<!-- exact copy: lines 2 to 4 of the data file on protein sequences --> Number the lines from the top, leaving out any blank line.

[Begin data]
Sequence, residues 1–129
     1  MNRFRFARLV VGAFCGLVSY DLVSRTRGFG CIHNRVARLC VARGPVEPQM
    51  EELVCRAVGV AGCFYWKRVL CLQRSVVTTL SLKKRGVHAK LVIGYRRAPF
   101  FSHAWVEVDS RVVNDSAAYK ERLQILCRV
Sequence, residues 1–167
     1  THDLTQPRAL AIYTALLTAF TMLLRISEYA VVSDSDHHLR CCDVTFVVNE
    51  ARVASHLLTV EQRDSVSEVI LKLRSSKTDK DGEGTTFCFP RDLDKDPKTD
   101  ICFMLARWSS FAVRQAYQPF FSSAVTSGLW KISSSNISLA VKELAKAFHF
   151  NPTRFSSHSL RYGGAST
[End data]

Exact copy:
     1  MNRFRFARLV VGAFCGLVSY DLVSRTRGFG CIHNRVARLC VARGPVEPQM
    51  EELVCRAVGV AGCFYWKRVL CLQRSVVTTL SLKKRGVHAK LVIGYRRAPF
   101  FSHAWVEVDS RVVNDSAAYK ERLQILCRV